Couple falls in love working at The Temple News

Alumni who met at The Temple News are now married and have two daughters.

For Ben and Natalie Watanabe, driving to cover Temple University football games together in a metallic blue PT Cruiser was the beginning of a lasting connection. 

“I always kind of joke about the fact that Temple football was god awful that year, and so I would say, ‘we’re kind of one of the most productive things to come out of that season,’” said Natalie Watanabe, owner of Natalie Nigito Photography and co-owner of Fairmount Photography.

While spending one year working together at The Temple News, Ben and Natalie Watanabe fell in love and are now raising two daughters outside of Boston.

Ben Watanabe and Natalie Watanabe met on Aug. 23, 2004, at Temple’s first football media day, an event where the press can talk to athletes and coaches about the upcoming season. 

Reporting together on the Owls’ football and basketball games each week allowed them to grow closer and get to know one another, Natalie Wantanabe said. 

The two were drawn to each other after realizing how well they worked together and how much they liked spending time together, Natalie Wantanabe said.

“We both will listen to each other and give good feedback to each other,” Natalie Watanabe said. “I feel like that’s a good start for any relationship, knowing that you can work with somebody.” 

After going out one night with staff from The Temple News, Ben walked Natalie to her car and asked her out, Natalie Watanabe said.

The two  have been inseparable ever since, said Ben Watanabe, a digital content manager at New England Sports Network.

“We didn’t just connect and reconnect, we connected,” Ben Watanabe said  “We’ve been connected ever since.”

Ben Watanabe started at The Temple News as a staff writer covering men’s and women’s gymnastics events and women’s volleyball his sophomore year to grow professionally, he said. 

Natalie Watanabe joined The Temple News the second half of her junior year and worked as a sports photographer and page designer, she said.

The Temple News was a huge part of their lives during college, Ben Watanabe said. Meeting his wife there made it even more special to him. 

“It just makes sense that a place that we had so many friends and learned so much, and spent so much time on was also the place that I ended up meeting the person that I would spend the rest of my life with,” Ben Watanabe said.

Sitting with Natalie and looking at the way she would present stories, photos and headlines for the articles she covered made him appreciate the work they created together, Ben Watanabe said.

Longtime friend and former Sports editor at The Temple News, Christopher Vito, isn’t surprised Ben and Natalie Watanabe are happily married with a family after seeing their relationship grow each week in the newsroom.

“We worked many hours together, you know, you’re in a newsroom together, working late,” said Vito, a senior director of strategic communications at La Salle University. “You’re getting the experience you crave and desire, and as a result of it, strong relationships, and friendships come out of it.”

Once Ben and Natalie Watanabe graduated from Temple, they both landed jobs in the journalism industry.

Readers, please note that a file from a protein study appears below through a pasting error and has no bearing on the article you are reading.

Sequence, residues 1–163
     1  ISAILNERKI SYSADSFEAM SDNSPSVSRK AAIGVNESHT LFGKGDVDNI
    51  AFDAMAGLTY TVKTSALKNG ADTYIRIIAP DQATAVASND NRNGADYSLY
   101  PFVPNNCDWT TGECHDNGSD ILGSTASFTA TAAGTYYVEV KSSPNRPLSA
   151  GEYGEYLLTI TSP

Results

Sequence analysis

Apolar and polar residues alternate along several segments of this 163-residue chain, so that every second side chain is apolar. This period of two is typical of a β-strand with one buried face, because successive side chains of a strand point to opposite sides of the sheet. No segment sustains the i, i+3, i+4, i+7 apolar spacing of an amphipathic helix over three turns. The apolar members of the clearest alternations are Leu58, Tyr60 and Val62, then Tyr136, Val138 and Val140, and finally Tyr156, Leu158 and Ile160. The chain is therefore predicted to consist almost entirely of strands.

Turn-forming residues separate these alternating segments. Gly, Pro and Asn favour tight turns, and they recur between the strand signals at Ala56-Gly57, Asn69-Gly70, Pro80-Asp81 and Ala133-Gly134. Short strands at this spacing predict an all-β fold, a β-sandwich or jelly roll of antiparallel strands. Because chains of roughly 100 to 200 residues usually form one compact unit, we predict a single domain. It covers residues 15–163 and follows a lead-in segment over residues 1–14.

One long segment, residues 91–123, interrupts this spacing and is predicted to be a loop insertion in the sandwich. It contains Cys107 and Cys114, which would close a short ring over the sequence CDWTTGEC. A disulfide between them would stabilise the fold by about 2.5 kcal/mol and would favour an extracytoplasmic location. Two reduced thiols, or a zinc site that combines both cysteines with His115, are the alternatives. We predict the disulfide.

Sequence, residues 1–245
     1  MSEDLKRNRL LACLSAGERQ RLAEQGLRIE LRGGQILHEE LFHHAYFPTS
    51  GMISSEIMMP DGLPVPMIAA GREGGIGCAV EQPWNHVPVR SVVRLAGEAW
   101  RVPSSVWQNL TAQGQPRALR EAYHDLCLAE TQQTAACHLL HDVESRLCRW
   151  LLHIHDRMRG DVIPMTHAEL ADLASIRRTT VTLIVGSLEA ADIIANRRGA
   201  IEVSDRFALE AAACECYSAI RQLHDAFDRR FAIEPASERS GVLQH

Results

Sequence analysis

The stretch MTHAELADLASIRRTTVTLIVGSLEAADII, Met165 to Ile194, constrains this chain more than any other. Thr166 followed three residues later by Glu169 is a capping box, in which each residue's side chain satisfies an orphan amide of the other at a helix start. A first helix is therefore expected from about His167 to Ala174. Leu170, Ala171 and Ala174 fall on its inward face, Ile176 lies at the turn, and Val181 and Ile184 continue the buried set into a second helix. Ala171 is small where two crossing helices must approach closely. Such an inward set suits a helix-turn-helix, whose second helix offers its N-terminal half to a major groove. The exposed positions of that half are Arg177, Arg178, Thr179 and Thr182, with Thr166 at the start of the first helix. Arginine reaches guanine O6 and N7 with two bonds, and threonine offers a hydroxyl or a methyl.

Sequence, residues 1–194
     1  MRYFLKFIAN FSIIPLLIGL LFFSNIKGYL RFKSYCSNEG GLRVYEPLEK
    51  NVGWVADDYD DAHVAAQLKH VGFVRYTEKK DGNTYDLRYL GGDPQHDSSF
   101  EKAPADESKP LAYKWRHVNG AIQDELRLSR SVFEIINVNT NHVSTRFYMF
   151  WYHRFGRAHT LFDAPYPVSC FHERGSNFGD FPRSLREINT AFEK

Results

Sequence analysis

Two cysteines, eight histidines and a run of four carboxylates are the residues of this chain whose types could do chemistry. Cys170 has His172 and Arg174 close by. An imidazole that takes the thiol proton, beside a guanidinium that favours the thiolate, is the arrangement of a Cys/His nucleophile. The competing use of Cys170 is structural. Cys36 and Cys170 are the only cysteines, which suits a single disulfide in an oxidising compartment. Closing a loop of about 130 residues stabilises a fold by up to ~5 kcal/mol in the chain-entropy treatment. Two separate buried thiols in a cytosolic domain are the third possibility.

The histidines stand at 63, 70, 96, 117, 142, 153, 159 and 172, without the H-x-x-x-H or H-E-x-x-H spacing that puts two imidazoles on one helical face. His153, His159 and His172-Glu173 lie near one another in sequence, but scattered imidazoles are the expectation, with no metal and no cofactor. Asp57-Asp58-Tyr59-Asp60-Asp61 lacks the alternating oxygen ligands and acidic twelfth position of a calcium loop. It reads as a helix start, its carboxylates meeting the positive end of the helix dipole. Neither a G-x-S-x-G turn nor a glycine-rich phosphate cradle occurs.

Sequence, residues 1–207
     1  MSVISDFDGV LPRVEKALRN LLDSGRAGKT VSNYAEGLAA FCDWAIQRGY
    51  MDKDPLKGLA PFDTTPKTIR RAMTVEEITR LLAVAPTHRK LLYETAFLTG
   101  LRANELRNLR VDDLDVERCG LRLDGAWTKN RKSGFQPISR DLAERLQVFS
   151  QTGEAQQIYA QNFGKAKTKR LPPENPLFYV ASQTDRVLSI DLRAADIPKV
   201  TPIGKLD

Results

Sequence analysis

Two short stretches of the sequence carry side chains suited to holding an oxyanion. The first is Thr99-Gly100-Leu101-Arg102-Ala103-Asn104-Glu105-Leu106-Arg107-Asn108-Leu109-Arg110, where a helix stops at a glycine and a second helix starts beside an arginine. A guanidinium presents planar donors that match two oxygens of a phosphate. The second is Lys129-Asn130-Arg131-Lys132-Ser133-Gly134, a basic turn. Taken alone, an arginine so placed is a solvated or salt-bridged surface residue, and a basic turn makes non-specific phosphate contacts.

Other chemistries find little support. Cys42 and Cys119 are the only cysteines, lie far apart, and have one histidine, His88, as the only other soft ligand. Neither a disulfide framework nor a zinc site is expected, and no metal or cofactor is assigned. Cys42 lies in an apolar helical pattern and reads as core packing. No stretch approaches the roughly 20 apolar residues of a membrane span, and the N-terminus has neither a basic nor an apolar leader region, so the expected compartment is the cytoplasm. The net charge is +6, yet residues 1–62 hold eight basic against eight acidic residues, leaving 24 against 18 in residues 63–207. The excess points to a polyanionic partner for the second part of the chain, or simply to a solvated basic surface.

Ben Watanabe started at The Daily Journal in southern New Jersey, as a staff writer, and eventually became the assistant sports editor.

Ben credits John DiCarlo, a 1998 journalism alumnus and managing director of student media at Klein College of Media and Communication, for helping him get his first job.

DiCarlo’s former sports editor at The Daily Journal, Jason Carris, asked him to refer someone he could hire for a job there and, without hesitation, DiCarlo referred Ben Watanabe, he said.

DiCarlo formed a friendship with both Ben and Natalie Watanabe and believes they were perfect for each other.

“They were always just great for each other but just like just a perfect combination of who you’d want to be around, like they were just great journalists, wonderful people and it’s just been really cool to just to see like their lives develop,” DiCarlo said.

Natalie Watanabe took a job with the Courier Post, a sister publication to The Daily Journal, as a front page designer and was eventually promoted to special sections designer.

While working at the Courier Post, Natalie Watanabe taught Design for Journalists as an adjunct professor at Temple from January 2008 to December 2011 as a way to stay up to date on new computer technology, like Photoshop, Dreamweaver and Indesign, and pass on skills to students to help further their careers and education, she said.

Ben Watanabe oversees all the editorial content on New England Sports Network’s website. Natalie Watanabe runs her photography company Natalie Nigito Photography and co-owns Fairmount Photography, a wedding photography business. She also covers sports events and things that are going on in her town as a freelance reporter.

Shortly after getting married on June 26, 2010, Ben Watanabe was offered a job at NESN and they decided to move to Watertown, Massachusetts. Their first daughter was born in January 2012 and their second daughter was born in August 2014.

Natalie Watanabe has enjoyed watching her daughters follow in both of their footsteps as they have already started to write their own stories, she said.

“I think that Ben and I both being journalists, we are both naturally curious people and it’s kind of fun to see that curiosity in our kids, too,” Natalie Watanabe said. “So like, that’s a cornerstone of being a journalist and that’s probably something that’s passed on to the kids that way.”

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